Why Would You Use A Terminal Manager/Multiplexer?
I’ve been forced to look beyond the conventional bread-and-butter IDE’s since my “good” computer just popped a few caps on its motherboard. I’m currently running an old Pentium 4 beige box who as it is, already has a lot of trouble running Ubuntu at reasonable speed. Eclipse and other software tools only slow matters down to a painful and unbearable speed which is the reason why I opted for vim/Emacs and custom makefiles for everything I ended up building. Yup, I gave up the easy click-and-have-it-done way just to avoid the slow GUI’s that crippled by box. Making this trade-off, however; meant that I would spend more time on the keyboard then on my mouse, in fact… I only use the mouse when I have to find my way through browsers. Spending more time in terminals would mean unnecessary clutter if I would have to start a new terminal instance in an individual window [Ctr-Alt-T] each time I needed to get going… but the good news is that you don’t have to.
The Byobu/GNU Screen Solution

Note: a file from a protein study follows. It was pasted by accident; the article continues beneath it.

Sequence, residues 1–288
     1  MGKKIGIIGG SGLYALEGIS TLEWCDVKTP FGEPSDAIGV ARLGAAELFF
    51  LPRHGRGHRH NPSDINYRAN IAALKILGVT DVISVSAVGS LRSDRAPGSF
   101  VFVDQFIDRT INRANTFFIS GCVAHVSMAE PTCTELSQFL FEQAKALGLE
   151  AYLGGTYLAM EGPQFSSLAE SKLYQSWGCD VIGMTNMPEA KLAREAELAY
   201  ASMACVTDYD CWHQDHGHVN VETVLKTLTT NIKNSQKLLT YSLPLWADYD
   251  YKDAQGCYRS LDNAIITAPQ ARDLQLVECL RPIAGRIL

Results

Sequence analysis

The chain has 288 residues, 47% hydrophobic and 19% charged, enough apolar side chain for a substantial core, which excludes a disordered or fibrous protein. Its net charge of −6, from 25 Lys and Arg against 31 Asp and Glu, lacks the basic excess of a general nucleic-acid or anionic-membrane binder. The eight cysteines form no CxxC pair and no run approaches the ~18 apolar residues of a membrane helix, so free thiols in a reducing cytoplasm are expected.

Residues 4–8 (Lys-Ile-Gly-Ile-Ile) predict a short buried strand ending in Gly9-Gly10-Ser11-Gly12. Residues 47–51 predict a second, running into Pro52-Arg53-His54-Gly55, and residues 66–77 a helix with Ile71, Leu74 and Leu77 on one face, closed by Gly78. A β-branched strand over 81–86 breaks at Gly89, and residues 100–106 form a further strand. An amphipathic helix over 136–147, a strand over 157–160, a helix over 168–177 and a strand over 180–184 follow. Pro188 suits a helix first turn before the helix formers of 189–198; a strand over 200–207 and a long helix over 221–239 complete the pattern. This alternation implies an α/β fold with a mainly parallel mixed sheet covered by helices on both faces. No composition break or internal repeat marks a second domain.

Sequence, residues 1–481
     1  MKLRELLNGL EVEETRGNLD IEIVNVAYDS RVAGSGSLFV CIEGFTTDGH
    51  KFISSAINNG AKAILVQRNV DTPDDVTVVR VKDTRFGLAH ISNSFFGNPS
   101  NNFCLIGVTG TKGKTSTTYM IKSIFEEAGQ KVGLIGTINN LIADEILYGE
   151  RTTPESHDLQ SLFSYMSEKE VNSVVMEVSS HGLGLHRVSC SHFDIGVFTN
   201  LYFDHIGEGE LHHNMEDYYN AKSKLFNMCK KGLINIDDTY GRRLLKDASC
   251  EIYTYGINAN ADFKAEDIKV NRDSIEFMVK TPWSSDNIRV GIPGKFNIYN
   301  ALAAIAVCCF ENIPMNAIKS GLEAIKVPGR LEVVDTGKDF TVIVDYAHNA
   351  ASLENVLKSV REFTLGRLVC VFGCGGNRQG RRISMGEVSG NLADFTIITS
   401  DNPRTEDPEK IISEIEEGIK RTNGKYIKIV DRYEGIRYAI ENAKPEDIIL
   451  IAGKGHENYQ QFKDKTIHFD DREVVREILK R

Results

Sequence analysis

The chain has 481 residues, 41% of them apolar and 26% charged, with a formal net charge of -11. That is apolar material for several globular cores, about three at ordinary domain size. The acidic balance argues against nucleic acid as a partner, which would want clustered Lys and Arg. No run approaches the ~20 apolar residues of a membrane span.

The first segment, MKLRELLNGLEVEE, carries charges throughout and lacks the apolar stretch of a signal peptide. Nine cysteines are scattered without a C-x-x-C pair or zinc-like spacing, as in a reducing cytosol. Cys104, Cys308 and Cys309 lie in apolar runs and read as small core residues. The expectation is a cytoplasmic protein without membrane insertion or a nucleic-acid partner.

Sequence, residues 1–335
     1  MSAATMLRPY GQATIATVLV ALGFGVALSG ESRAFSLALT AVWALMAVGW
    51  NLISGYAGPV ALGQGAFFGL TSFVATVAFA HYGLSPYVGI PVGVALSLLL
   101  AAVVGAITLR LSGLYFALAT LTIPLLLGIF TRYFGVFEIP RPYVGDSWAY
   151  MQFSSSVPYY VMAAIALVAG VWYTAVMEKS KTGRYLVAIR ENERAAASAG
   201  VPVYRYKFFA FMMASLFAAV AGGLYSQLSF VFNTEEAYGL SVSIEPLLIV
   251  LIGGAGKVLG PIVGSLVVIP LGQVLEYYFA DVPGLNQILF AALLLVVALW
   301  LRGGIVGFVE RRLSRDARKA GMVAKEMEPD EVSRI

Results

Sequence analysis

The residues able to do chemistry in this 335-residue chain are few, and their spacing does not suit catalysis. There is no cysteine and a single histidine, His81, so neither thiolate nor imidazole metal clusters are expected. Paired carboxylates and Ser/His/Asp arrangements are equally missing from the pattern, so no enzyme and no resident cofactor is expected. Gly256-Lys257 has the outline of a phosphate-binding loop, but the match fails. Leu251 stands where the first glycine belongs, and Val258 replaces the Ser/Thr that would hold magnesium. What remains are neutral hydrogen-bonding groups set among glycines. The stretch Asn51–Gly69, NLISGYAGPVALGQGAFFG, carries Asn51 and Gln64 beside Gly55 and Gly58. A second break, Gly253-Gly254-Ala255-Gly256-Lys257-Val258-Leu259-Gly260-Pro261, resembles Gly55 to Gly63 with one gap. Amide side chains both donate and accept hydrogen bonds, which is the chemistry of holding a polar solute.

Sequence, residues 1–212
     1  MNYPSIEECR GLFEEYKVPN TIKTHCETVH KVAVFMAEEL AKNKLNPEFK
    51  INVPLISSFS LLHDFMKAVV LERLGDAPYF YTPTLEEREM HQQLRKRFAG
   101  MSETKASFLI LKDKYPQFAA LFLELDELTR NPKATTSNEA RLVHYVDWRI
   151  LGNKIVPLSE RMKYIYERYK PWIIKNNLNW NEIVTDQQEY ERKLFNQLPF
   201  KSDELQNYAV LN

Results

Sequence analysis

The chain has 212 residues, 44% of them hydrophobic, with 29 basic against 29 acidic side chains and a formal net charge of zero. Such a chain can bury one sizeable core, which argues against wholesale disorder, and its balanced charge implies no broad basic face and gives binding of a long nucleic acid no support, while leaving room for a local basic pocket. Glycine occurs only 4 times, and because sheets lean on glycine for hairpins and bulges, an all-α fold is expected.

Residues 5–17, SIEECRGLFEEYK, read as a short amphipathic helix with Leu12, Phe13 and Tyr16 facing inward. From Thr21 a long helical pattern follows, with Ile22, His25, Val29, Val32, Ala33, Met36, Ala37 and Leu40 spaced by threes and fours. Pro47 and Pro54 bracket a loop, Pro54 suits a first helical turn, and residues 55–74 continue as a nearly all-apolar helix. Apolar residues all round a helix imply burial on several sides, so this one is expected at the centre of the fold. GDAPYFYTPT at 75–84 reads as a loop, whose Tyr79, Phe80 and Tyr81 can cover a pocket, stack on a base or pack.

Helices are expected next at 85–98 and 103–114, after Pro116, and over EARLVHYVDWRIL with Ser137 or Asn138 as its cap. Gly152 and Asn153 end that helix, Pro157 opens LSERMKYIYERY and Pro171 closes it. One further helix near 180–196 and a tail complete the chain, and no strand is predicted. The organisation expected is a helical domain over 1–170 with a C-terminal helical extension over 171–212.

Byobu is somewhat of a sugar-coating on top of GNU Screen… I don’t need to rant on about this as many others have already written excellent posts about GNU Screen/Byobu and its capabilities. I’m just raising awareness. Check it out. Once you’ve checked out GNU Screen, Byobu would be a nice coating of bliss. I’ve been using Byobu for half a year and I find it simply amazing. This tool allows me to lock terminal session, ration the real estate available on my monitor among the different terminal session I’ve loaded in the screen in whatever arrangement I find pleasant, detach terminal sessions for later use and most importantly… it keeps my taskbar/panel clutter free.
I currently have no need for looking any further… GNU Screen/Byobu does what I need at this moment, if it changes I’ll set out on a quest for the best solution. Changes are that GNU Screen sucks for you, in that case (if you’re still looking for something of a terminal multiplexer)… keep looking. 😉
Terminal Manager/Multiplexer Links
- A useful resource with several must-know keybindings for GNU Screen: http://www.pixelbeat.org/lkdb/screen.html
- The GNU Screen manual: http://www.gnu.org/software/screen/manual/screen.html#Default-Key-Bindings
- GNU Screen wiki page: http://en.wikipedia.org/wiki/GNU_Screen
- iTerm page: http://www.iterm2.com/#/section/home
- xmonad: http://xmonad.org/